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Not sure if this is the right forum for this, but I've come across a need for this pattern a few times lately, and I would love to get some opinions on options for how to handle it.

Say I have an app that takes data from an arbitrary number of third-party applications and wants to parse it into a unifying format:

{
    "field_1": "value_1",
    "field_2": "value_2"
}

So I might have integration 1 return a response that looks like

{
    "different_field_1_name": "desired_field_1_value",
    "field_2": "desired_field_2_value"
}

And integration 2 return a response that looks like

{
    "different_field_1_name_again": "desired_field_1_value",
    "different_field_2_name": "desired_field_2_value",
    "unneeded_field": "unneeded_value"
}

etc.

Ideally, adding new integrations should be as painless as possible. But every time I've had to do something like this, things like authentication, response formats, weird API quirks, etc. always make it feel like I'm starting from scratch with new integrations. Does anybody have examples of open-source applications that I can look at that do this sort of thing well? Or is there an obvious pattern I'm missing here that makes this easier?

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2

Have a look at the adapter pattern (I'm guessing probably already know it). It is basically just a glorified mapper function:

DomainObject toDomain(ThirdPartyObject object) { ... } 

What you then need to do is just fetch the third party data. How that looks really depends on the provider and I don't think you can abstract it more than just:

List<ThirdPartyObject> fetch() { ... }

so basically you can create:

public abstract class IntegrationAdapter<T> {
  publict List<DomainObject> adapt() {
    List<T> thirdPartyObjects = fetch();
    return thirdPartyObjects.stream.map(this::toDomain).toList()
  }

  private abstract List<T> fetch();
  private abstract DomainObject toDomain(T object);
}

You can then make implementations of this abstract class.

Or to have a more modular and easier to test components you could do:

public interface Client<T> {
  List<T> fetch();
}
public interface Mapper<D, T> {
  D toDomain(T object);
}
public interface DomainObjectRepository {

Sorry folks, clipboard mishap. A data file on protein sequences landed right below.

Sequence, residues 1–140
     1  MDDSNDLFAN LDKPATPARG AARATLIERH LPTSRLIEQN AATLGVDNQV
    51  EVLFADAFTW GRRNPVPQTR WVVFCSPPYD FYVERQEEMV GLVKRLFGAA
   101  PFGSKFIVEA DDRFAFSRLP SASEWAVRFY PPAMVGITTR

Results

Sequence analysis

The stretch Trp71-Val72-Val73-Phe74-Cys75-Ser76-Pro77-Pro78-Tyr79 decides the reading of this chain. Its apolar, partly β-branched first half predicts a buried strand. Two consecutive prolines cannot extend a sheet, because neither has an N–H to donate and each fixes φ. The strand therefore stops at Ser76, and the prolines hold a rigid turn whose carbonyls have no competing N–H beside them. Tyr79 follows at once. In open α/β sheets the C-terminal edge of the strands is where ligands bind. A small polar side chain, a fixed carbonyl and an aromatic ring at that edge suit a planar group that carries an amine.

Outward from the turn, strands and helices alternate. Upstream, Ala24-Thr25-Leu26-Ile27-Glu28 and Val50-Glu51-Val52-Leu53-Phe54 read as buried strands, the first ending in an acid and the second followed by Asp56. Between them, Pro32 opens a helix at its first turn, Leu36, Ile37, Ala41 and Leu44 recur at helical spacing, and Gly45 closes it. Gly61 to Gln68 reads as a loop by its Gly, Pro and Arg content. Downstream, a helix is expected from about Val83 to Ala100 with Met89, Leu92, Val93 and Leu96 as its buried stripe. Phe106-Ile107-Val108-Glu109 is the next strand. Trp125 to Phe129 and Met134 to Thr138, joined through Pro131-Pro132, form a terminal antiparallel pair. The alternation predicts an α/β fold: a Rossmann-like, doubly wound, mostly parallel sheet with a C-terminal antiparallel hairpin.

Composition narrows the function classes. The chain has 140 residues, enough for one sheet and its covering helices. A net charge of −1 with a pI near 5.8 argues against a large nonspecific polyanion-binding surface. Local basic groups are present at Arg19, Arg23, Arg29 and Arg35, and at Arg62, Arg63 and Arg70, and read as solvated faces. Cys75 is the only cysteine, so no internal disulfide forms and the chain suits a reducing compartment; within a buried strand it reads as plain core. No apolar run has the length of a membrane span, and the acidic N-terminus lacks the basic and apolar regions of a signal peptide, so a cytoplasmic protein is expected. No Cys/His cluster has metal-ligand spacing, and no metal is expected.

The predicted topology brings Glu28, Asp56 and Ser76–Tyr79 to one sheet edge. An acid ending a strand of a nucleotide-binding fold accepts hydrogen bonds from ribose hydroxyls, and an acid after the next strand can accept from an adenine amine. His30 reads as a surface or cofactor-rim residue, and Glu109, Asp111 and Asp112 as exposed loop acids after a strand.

List<DomainObject> getDomainObjects();
}
class ThirdPartyClient implements Client<ThirdPartyObject> { ... }
class DoTpoMapper implements Mapper<DomainObject, ThirdPartyObject> { ... }
class ThirdPartyRepository implements DomainObjectRepository {
  public ThirdPartyRepository(ThirdPartyClient, DoTpoMapper) {...}

  List<DomainObject> getDomainObjects() {
    List<T> thirdPartyObjects = this.thirdPartyClientfetch();
    return thirdPartyObjects.stream.map(doTpoMapper::toDomain).toList();
  }
}

You can then write integration and unit tests for the client, the repository and the mapper, which you would write just once in a generic fashion, and could then reuse them when creating new adapters.

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  • Yeah, this is pretty similar to what I was trying to do. I think I might just be bad at it haha. That's why I was hoping somebody had an example of it being done really well that I could look through. – audioslaver756 Jun 12 at 15:54
  • I am almost 100% sure that there is not much more to it. It is nice if the provider has some client in your language already setup, so you don't have to make your own, but it always is a lot of manual work making sure, that you fetch what you want and that you map all of the fields you want to map in the correct format. I guess you can test that pretty easily -> testing fetch() is an integration test and toDomain() can be a unit test. You would however have to split the adapter I showed into 3 classes - IntegrationAdapter, <Provider>Client and <Provider><DomainObject>Mapper – Blaž Mrak Jun 12 at 16:03
  • Actually you would have to create Client<T> and Mapper<T> interfaces before. I'll edit my answer with the code. – Blaž Mrak Jun 12 at 16:06

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